I also think that being able to buy a luxury accessory and know that it's going to hold or even grow in value is very appealing. Third, you're buying the craftsmanship, you're buying something that really is a work of art and made to last and exceptional and the history of Hermès is wonderful. It's the third reason to really justify spending the big bucks.
You said you have a Birkin. Are there any other bag brands you love in your personal life?
I personally love having vintage pieces, I have a great vintage Lady Dior bag which is great because they re-released it, and now everyone's like, ‘I didn't see that model in stores.’ I have this great black and gold Birkin. I love streamlined brands like Celine and Valextra. I steer away from the fashion-y and toward the classic and well-made bags. Even these Chanel bags, I know they're a little more playful, but they're incredibly well-made and I love Karl Lagerfeld's message. He took a note from Coco's book.
Something I constantly preach is [that] it makes more sense to save and buy one really special bag as a opposed to buying the trendy It bag of the season — [which] is then passé a season later. Buy a beautiful vintage [Hermès] Kelly because while you'll pay probably a little more, maybe even a little less, given how expensive bags are now on the primary market. You'll be able to have it for the rest of your life, it will never go out of style, you can give it to your grandchildren if you want. The Kelly has changed almost not at all since it was created.
Do you have any advice for someone who wants to do what you're doing now?
I think it's important to follow your passion. All of us in this industry kind of fell into it, we didn't really know what this industry was going to become. When we started doing this and we loved what we were doing, we thought this is fun and exciting and we went full-speed ahead and I think that's gotten us to where we are now. We've been at different auction houses, my group that's been in this category, growing this industry, we've changed and we've done it privately, we've kind of faked it until we made it until it was a real thing. That would be my advice.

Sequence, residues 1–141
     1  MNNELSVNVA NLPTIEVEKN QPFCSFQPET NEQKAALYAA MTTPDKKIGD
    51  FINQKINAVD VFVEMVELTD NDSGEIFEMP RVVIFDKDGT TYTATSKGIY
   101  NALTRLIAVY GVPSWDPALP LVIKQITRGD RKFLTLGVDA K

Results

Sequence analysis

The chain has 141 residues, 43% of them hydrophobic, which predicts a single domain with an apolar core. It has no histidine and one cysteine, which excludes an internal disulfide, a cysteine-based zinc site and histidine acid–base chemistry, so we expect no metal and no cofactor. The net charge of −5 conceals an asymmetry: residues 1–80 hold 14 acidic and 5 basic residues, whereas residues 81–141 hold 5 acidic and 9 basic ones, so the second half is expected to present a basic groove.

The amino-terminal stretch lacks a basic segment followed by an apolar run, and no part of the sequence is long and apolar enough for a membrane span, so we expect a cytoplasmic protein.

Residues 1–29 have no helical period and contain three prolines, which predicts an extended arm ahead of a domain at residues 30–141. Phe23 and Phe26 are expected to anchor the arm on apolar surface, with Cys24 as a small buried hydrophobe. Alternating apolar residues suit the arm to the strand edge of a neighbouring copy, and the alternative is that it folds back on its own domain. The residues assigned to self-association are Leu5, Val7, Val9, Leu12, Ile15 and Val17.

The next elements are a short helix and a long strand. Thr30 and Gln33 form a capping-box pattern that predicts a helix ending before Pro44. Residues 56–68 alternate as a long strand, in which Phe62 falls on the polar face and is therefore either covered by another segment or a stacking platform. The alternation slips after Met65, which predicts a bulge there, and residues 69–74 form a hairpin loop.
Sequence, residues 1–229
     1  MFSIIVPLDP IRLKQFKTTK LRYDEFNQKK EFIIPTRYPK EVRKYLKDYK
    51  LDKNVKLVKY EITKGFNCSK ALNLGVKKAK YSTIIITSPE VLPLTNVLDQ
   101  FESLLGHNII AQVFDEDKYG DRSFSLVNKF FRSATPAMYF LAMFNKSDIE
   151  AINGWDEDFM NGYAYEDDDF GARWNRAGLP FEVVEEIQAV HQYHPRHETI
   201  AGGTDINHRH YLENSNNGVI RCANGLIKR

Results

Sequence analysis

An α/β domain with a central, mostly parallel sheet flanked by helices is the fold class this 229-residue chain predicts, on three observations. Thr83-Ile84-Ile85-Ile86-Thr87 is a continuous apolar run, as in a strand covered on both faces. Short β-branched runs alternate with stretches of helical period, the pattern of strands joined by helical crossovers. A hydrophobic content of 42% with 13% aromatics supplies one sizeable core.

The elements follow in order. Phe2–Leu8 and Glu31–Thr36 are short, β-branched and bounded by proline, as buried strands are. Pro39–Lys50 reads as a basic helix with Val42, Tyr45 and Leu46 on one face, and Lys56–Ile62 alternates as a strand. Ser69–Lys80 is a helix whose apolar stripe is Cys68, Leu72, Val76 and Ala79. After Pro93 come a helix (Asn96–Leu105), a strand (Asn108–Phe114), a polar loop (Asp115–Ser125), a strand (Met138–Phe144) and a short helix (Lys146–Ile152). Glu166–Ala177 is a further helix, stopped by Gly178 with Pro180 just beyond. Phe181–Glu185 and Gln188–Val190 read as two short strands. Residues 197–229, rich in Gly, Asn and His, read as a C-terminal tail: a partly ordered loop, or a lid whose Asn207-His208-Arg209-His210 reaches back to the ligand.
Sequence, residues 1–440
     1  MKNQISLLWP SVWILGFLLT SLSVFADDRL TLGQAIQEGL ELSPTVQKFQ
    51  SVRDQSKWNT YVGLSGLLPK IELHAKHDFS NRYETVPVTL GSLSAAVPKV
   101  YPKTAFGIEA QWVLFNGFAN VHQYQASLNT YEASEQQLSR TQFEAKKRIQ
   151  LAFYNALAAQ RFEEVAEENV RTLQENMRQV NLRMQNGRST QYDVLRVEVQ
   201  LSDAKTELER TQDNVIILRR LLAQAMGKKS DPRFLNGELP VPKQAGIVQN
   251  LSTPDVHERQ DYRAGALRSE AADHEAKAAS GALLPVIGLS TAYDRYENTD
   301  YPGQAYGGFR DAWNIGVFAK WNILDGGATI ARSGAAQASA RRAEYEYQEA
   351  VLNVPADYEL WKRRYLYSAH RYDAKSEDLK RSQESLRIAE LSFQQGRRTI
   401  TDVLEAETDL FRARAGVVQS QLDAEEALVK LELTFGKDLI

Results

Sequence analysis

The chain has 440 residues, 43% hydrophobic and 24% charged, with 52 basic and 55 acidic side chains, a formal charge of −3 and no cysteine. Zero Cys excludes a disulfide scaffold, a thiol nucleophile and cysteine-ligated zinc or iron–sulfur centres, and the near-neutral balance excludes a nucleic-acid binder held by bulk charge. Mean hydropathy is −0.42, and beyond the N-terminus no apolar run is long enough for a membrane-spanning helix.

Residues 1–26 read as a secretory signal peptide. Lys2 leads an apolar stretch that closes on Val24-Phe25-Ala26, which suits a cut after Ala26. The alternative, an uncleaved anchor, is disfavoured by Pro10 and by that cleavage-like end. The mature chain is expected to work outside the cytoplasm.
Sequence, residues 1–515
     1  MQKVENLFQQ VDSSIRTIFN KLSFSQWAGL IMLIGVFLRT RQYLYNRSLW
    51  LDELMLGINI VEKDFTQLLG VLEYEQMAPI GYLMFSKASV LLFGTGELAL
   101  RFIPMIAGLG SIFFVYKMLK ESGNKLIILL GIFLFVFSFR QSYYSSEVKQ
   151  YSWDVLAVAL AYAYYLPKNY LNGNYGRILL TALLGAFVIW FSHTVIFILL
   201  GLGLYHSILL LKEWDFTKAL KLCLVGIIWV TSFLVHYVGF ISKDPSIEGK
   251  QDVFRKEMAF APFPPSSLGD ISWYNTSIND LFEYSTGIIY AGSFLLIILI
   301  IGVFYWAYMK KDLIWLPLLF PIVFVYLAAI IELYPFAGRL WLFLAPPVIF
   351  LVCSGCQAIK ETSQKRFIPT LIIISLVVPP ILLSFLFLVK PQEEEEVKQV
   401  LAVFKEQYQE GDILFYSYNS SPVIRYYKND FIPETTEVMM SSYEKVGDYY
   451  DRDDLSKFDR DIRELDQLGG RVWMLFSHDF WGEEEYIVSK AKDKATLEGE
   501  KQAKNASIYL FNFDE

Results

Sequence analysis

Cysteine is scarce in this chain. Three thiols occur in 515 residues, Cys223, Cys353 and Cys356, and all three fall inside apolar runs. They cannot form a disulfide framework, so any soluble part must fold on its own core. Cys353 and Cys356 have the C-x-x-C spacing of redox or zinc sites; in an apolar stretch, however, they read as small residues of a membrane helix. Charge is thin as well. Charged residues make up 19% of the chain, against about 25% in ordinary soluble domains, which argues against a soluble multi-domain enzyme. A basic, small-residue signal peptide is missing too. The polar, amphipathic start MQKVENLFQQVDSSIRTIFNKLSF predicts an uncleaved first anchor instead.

What do you think is the future of handbag collecting?
I think there is more awareness. When the last recession hit, we actually saw a growth in this category, not a decrease, because I think if people were spending a lot of money on luxury items, they wanted them to hold their value, they wanted them to have a resale value.
I think that with that knowledge, people are going to continue to look at the secondary market, buy pieces that they can collect and grow collection and consider worth something as opposed to frivolous spending. So I think the category has a lot of room for growth. On the primary market, it's a multi-billion [dollar] industry, so I feel like there's a lot of room for growth in the secondary market.
It's nice to know that your beautiful purchase is an investment of sorts.
It is, absolutely. There's been a lot of articles recently about Birkins being just as valuable as gold, I have to say I'm behind that. I've had clients recently say, I'm cleaning out my closet, I have too much and the only thing that's held its value are my handbags. Preaching to the choir, but I think that's exciting news to hear.